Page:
As we celebrate 30 excellent years of NAEYC Accreditation and look ahead to many more to come, we are releasing monthly “Top 30” lists related to different aspects of NAEYC Accreditation. These lists will serve as an informative resource for any program or individual looking to improve the quality learning environment they offer their young children and staff. We also hope to have a little fun as we go!
The newest list is available below. Click here to view previous "Top 30" lists!
30 Things Families Recognize About NAEYC-Accredited Programs
Since 1985, NAEYC Accreditation has been the gold standard for excellence in the field of early childhood education, currently accrediting more than 7,000 programs that serve more than 600,000 children.
To celebrate the 30th anniversary of NAEYC Accreditation, we are releasing a series of top-30 lists, each focusing on a particular aspect of the accreditation process. Our goal is to provide you with a fun, behind-the-scenes look at the NAEYC Accreditation process.
This month, we focus on families. Families with young children face many challenges when it comes to child care. Inability to recognize high-quality education should not be one of them.
By using its 10 Early Childhood Program Standards, NAEYC Accreditation helps families effectively recognize high-quality early childhood education and feel comfortable knowing their children are receiving early care and education that helps prepare them for future success in school and in life.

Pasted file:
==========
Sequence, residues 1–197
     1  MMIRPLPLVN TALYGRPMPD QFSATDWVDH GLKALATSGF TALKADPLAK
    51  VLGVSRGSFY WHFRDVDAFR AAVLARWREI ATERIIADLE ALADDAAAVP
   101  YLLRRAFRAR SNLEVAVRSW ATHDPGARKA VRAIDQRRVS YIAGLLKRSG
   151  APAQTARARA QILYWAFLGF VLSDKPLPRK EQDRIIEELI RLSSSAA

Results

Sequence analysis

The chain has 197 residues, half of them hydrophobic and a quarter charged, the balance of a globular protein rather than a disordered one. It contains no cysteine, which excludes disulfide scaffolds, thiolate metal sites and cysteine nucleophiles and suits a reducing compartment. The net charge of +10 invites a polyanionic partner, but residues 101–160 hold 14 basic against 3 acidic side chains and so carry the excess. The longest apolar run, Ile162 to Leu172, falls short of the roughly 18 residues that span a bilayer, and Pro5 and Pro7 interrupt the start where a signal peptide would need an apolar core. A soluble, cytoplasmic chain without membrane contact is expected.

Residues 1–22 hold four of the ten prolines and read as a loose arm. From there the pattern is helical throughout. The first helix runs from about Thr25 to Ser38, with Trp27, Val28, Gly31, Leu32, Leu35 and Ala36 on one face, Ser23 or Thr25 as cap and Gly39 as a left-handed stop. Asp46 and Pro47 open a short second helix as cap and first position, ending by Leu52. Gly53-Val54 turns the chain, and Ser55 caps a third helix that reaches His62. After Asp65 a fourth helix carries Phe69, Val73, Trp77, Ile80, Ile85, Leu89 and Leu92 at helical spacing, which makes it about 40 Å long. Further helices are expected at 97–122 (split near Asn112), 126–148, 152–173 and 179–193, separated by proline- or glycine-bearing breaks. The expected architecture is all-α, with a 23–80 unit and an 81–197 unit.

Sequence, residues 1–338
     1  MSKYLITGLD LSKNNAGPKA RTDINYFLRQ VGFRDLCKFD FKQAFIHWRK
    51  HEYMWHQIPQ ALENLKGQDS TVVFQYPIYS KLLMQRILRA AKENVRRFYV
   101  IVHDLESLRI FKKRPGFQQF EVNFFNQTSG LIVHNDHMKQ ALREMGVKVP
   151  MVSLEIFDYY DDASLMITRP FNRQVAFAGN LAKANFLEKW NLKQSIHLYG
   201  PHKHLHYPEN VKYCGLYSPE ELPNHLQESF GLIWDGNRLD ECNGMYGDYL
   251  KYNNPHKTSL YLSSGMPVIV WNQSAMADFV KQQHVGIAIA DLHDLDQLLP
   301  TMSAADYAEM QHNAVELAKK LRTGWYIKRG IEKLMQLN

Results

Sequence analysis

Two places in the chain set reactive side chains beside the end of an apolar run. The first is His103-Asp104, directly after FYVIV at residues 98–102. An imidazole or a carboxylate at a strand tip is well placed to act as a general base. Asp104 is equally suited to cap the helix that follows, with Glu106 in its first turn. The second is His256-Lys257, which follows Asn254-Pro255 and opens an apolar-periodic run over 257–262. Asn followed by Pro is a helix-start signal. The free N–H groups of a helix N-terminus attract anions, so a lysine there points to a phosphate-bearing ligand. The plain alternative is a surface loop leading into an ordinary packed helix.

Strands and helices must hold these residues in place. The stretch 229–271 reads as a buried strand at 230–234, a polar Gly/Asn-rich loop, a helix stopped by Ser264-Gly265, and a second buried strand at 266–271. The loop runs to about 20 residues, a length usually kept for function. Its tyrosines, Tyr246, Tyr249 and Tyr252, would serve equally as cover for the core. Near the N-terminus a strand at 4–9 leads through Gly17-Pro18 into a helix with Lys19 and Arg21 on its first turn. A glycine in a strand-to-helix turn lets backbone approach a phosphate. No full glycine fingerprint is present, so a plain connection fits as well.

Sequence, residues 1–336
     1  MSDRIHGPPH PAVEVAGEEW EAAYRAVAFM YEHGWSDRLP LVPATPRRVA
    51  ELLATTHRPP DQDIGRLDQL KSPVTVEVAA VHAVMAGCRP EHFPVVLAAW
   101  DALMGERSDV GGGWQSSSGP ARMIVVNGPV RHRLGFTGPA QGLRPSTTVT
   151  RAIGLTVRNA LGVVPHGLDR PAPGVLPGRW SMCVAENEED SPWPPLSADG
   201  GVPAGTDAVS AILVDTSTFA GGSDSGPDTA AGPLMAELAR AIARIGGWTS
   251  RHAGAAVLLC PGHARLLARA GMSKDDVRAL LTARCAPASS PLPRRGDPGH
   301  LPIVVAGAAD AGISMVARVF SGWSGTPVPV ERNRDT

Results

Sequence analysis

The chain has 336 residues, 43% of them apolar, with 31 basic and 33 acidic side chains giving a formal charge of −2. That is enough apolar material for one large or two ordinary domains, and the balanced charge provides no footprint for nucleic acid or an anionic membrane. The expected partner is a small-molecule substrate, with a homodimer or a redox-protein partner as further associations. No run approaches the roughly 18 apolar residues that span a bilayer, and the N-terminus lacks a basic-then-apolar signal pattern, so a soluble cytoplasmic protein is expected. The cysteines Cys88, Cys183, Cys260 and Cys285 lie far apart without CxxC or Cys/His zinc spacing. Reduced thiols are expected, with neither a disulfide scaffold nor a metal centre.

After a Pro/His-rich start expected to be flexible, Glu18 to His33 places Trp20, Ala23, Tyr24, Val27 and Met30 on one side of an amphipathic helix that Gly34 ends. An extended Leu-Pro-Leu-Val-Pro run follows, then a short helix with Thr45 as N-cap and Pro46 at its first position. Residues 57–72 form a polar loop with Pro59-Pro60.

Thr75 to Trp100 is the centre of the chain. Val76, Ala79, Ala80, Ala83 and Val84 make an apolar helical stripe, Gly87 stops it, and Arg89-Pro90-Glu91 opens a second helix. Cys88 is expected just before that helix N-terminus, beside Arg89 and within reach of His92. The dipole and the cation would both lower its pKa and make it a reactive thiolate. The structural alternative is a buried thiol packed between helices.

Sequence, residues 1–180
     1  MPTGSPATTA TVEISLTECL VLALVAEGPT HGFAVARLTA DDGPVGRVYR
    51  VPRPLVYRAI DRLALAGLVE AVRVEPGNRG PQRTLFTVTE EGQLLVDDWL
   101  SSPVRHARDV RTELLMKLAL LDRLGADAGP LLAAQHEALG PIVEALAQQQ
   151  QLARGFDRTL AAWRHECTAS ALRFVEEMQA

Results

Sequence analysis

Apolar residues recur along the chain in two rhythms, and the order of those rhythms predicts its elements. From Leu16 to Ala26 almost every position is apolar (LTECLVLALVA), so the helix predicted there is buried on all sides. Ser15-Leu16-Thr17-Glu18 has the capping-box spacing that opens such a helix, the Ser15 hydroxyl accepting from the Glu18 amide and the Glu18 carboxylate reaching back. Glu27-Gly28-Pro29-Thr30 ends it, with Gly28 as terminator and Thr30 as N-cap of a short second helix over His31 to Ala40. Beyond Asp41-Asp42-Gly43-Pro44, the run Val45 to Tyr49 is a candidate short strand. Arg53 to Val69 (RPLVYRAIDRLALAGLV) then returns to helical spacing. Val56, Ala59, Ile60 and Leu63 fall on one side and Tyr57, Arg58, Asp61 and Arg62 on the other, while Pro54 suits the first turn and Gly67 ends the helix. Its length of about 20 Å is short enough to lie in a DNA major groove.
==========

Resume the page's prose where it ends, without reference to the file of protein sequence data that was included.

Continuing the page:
Keep reading to learn more about 30 Things Families Recognize About NAEYC-Accredited Programs.
Building Strong Relationships
The program promotes positive relationships among children and adults. It encourages each child’s sense of individual worth and belonging as part of a community, which fosters children’s desire to contribute as a responsible community member.
Children AND adults feel welcome when they visit the program. Adults see teachers helping newly enrolled children adjust to the program environment and develop friendships with other children.
The program’s staff engage often in warm, friendly conversations with individual children and recognize children’s work and accomplishments.
- Families see children learning to resolve conflicts by identifying feelings, describing problems, and trying alternative solutions. Teaching staff never punish children.
While NAEYC Accreditation does not prescribe a specific curriculum, families know that NAEYC-accredited programs implement a curriculum that is consistent with the program’s goals for children. Families can see that the curriculum promotes learning and development in each of the following areas: social, emotional, physical, cognitive, and language and literacy.